Food. We all love to eat it, and often. So it’s pretty much a must at your wedding. Especially if you plan to have a long ceremony and expect your guests to stay and party. A good rule of thumb is to measure the length of your wedding against the quantity of food. If you are having a short morning ceremony, you might get away with some teacakes and cheese straws. But an hour-long religious ceremony followed by a cocktail hour and four hours of disco requires a bit more.
When making the menu for your reception, consider the style of wedding you are having. A mashed potato bar goes splendidly with a quant barn wedding with a homespun feel. Pate and croquettes might prove more appropriate for a museum or upscale hotel wedding. Next, I would incorporate items that reflect you and your fiancé’s cultures and tastes. Crab claws for your New England hubby-to-be and mini latkes to celebrate your Jewish heritage, for example. Whatever the case, the food should reflect you just as much as the other aspects of your wedding do.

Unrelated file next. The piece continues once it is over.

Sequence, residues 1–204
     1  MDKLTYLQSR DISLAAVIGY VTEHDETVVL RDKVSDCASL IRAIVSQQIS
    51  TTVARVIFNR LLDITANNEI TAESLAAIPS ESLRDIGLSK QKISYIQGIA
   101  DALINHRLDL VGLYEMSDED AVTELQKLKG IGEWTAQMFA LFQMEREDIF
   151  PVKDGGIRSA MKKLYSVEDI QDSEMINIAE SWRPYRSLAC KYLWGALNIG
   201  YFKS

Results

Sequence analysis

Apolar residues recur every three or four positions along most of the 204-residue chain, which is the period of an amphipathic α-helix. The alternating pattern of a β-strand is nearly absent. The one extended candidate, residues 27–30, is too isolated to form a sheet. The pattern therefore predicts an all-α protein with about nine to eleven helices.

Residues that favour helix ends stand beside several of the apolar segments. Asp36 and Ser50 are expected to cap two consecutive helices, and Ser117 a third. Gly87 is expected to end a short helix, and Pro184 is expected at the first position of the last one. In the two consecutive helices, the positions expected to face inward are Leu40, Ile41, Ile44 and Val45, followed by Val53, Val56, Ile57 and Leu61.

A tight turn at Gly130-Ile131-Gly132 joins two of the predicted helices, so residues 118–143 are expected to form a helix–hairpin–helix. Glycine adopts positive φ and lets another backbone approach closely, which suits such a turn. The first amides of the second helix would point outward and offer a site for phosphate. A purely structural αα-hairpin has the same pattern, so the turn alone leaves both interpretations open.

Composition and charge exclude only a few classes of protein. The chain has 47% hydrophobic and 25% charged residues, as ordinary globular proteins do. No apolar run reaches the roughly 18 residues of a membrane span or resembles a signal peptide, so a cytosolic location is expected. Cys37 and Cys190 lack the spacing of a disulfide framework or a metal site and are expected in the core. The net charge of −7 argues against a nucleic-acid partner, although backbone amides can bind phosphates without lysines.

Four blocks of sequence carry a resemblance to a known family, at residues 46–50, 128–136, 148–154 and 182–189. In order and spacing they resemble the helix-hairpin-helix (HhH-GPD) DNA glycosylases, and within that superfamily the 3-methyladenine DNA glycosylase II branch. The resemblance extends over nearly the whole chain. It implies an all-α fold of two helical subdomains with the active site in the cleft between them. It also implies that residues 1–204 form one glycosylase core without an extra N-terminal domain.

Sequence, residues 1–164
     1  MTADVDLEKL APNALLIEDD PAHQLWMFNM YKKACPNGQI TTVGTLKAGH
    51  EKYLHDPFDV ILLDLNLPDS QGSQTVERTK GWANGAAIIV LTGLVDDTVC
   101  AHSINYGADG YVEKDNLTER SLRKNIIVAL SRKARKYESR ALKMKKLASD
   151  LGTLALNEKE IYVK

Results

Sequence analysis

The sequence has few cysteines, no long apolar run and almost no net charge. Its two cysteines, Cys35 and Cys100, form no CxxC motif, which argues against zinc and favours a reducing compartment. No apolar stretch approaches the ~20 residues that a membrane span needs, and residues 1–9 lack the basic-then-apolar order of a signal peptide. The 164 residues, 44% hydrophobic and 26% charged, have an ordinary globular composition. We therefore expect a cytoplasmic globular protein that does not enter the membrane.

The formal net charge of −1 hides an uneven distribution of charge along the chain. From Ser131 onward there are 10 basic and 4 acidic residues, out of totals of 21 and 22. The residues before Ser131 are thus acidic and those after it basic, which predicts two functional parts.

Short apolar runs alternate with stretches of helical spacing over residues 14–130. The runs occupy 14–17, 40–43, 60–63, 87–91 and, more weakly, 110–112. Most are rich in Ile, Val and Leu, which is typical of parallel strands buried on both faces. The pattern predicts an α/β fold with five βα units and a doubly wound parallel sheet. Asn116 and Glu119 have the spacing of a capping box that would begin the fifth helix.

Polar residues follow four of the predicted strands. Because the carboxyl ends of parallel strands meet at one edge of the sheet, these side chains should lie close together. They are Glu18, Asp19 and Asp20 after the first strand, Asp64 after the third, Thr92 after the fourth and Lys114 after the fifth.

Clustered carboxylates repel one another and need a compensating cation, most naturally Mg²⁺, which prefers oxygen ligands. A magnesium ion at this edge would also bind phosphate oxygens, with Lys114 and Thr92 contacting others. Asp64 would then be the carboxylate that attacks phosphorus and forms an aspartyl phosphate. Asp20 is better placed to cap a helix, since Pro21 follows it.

I would also include what I like to call ‘fillum’. Fillum is anything that fills someone up. Bread is a good example. Make sure there are plenty of items like bread, cheese, fruit, or other items that are basic and distinguishable so that most every guest will have something to eat, regardless of their diet or preference. If you have vegetarian and vegan friends and family, this is especially important. Serving only chicken or beef with a side of mash potatoes and gravy could cause your vegan cousin to step out early. Then who is going to catch the bouquet?